The vow of stability stems from the tradition of the early desert fathers who stayed for many years in a single hermitage. One indeed said: ‘stay in your cell and your cell will teach you everything’. Stability therefore is about remaining within the same community, the same group of people, for the rest of one’s life; it can often involve staying in the same location for that time although communities can decide to move sometimes. It is, however, not just about staying still but also living with the same people for a lifetime. It is doing the everyday tasks of housekeeping with them, praying the psalms together, sometimes aggravating or disagreeing with each other, that leads us into that relationship of love. First, that is about becoming community and, secondly, becoming ourselves in God through that constant interaction with each other. The Rule of St Benedict speaks of ‘tools of good works’, which are the decalogue, the beatitudes and a number of other practical ways of ensuring peace in community. It speaks of the monastery being the workshop in which we apply these tools and so grow in love for one another. St Benedict recognises this as a long-term project so stability is crucial for enabling such building of love to take place.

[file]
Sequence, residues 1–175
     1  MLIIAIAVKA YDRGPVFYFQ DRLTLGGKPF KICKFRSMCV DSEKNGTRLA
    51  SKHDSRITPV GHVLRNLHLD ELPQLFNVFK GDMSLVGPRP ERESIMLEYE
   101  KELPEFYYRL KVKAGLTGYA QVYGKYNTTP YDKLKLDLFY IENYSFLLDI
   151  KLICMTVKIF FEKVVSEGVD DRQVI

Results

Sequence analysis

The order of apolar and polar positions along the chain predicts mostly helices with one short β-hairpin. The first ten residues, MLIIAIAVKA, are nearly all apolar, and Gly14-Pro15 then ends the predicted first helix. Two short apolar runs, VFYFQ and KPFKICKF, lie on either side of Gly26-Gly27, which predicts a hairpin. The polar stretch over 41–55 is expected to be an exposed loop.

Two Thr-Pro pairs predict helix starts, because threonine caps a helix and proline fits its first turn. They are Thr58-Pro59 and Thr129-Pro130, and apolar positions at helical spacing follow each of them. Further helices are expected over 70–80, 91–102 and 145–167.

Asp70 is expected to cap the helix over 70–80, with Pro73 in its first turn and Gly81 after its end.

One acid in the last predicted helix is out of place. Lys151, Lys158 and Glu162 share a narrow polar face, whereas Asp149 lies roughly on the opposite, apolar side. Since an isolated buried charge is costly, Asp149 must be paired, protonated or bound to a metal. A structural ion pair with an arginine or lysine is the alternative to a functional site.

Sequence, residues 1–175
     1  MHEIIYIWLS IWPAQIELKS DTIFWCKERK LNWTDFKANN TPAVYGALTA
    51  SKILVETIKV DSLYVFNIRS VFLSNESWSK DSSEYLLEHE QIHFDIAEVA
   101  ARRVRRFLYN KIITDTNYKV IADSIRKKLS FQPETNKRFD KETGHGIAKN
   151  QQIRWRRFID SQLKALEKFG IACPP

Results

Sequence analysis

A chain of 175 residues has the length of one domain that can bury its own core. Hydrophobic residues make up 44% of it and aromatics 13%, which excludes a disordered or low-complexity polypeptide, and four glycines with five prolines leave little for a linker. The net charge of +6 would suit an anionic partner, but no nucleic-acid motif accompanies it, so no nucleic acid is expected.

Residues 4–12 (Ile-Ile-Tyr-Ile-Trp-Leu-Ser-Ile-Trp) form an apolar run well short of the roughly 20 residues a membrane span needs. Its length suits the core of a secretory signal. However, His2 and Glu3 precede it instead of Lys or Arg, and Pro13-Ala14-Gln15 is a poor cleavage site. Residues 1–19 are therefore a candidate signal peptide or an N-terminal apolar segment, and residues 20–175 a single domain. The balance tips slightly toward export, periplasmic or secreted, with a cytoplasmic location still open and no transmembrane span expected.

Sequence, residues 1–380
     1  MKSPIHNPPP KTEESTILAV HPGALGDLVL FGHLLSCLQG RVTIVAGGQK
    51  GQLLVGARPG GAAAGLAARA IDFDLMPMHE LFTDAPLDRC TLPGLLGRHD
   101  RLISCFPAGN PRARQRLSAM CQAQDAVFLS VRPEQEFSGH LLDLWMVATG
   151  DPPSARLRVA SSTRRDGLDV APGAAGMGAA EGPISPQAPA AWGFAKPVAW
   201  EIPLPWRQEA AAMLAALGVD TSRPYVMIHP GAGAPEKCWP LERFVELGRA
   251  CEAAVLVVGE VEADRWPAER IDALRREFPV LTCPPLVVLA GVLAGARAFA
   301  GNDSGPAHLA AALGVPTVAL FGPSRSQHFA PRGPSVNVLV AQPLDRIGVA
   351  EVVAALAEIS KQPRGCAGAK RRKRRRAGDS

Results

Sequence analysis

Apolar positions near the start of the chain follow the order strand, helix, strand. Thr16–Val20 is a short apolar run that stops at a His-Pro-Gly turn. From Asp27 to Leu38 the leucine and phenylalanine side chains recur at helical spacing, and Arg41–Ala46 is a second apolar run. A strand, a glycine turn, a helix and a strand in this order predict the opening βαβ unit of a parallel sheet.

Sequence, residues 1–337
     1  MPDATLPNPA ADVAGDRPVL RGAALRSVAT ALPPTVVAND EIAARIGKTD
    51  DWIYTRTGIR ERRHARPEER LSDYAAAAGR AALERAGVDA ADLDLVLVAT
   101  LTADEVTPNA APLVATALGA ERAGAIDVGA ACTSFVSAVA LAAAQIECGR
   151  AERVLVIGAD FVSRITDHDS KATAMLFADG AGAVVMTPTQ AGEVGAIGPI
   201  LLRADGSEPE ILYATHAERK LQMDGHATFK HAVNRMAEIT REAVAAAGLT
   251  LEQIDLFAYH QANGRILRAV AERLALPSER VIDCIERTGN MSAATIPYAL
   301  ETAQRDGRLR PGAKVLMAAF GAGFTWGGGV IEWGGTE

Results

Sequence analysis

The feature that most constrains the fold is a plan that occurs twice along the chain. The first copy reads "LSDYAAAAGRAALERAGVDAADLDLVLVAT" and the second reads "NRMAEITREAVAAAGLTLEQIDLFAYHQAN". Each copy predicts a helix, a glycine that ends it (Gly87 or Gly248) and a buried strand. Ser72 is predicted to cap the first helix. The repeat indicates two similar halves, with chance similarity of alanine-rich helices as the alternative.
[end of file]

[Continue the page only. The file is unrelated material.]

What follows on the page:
Conversion of Life